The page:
How Sales Managers Build Trust


Can great salespeople ever make great leaders?

Why would they?

The belief is that the top-performing contributors in any sales organisation are inherently selfish narcissists who only care about number one. Put them in charge of people, and their natural instinct is to take command and ‘tell’ people what to do instead of fostering collaboration, empowerment and common goals. They will be the first in line to take the glory of team success. Equally, they’re eager to point the finger when numbers are under pressure and targets aren’t met.

Sound familiar?

Hopefully not. At least not since the end of the last century – anyone who learned the art of sales management from Glengarry Glen Ross would last about 10 seconds in today’s business environment.

So, what’s changed?

We’ve changed. The environment has changed. The way we buy and consume has evolved. Competition is high. There are now quicker and more effective ways to reach consumers than ever before – far cheaper and more targeted.

The values and ethics we look for when we buy have changed. We want to know the source of our products, and we reject mass and industrial in favour of local, authentic and homemade. We are prepared to pay for quality and actively seek value. We have an abundance of choice, and increasingly we are conscience-led: we want to know what a company stands for before buying into them.

Consumers are savvy. We recognise and resist ‘being sold to’; instead, we seek out sellers who are genuine, informative, engaging and good at building relationships. In turn, this means the characteristics of successful sales leaders have changed dramatically. The days of aggressive leadership, managing through fear, and a top-down ‘my way or the highway’ approach are, gradually, becoming redundant.

Today’s sales leaders have empathy and humility, they are not afraid to embrace it, and they foster great communication and creativity, but are still inspirational and strong. People follow them because they want to, NOT because they have to.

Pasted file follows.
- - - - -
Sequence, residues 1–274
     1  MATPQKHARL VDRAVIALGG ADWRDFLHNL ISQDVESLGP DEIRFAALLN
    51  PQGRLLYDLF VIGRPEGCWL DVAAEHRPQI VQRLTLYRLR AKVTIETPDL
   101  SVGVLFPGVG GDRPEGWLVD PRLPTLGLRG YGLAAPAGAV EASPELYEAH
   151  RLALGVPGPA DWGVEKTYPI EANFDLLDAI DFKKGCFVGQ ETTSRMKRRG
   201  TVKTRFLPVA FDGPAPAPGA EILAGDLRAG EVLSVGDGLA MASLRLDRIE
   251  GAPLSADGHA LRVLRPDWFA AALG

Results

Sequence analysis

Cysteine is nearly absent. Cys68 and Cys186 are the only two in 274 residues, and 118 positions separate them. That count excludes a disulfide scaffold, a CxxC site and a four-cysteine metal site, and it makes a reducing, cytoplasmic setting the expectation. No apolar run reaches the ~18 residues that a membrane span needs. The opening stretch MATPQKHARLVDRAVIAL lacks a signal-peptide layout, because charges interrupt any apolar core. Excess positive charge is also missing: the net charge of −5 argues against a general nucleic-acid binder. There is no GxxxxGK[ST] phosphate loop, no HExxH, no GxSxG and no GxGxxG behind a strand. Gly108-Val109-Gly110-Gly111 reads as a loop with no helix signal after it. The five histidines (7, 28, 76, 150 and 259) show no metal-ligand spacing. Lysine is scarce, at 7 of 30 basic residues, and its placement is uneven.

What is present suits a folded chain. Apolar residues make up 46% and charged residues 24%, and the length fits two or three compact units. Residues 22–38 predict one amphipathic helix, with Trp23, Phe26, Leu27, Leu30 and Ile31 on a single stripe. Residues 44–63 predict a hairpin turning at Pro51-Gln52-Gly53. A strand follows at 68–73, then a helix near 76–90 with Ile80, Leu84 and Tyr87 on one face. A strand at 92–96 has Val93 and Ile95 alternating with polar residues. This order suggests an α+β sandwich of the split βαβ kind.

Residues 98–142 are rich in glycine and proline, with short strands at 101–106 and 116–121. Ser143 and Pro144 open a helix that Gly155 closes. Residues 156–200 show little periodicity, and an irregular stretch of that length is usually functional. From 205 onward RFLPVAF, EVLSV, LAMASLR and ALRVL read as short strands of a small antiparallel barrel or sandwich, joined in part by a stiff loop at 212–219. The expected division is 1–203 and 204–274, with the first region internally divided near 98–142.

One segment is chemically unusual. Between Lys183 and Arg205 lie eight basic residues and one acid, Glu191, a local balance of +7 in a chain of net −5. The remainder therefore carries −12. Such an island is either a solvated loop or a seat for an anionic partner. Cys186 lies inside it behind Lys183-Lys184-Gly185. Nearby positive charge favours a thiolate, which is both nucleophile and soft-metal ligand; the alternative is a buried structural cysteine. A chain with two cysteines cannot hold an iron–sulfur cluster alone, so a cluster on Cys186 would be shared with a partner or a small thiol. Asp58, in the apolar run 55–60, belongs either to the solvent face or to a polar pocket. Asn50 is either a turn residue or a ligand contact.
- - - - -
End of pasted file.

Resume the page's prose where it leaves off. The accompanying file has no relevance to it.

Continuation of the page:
Salespeople and Leadership

So, does this mean that every great salesperson can now make a great leader? Sadly not.

It’s a fundamental mindset change to go from being a performing individual – worrying about your own sales numbers and knowing you are in control of an expected income – to relying on others to make that happen. Without a doubt, this is the main reason many great salespeople choose NOT to pursue a career in management.

True leaders in any discipline or sector get an amazing ‘buzz’ and ‘high’ from the success of their team or organisation, but it’s not about them. They love to coach, they love to see people grow and develop, and they are good at it. I often lament the fact that our best salespeople struggle to ‘bottle up’ their skills and pass them on, even if they have the right mindset. Nowadays, it’s critical that they get the right coaching themselves, in order to be able to coach others to be as successful.

So, while there is probably more chance now than ever before for salespeople with those qualities of empathy, humility and creativity to rise to the top, they need coaching, they need resources and, most importantly, they need TIME and space to lead.

Although Villanelle (the quirky but talented assassin in Killing Eve) stated that “management is watching someone do the job worse than you,” it really doesn’t have to be that way.

Steve Charlton

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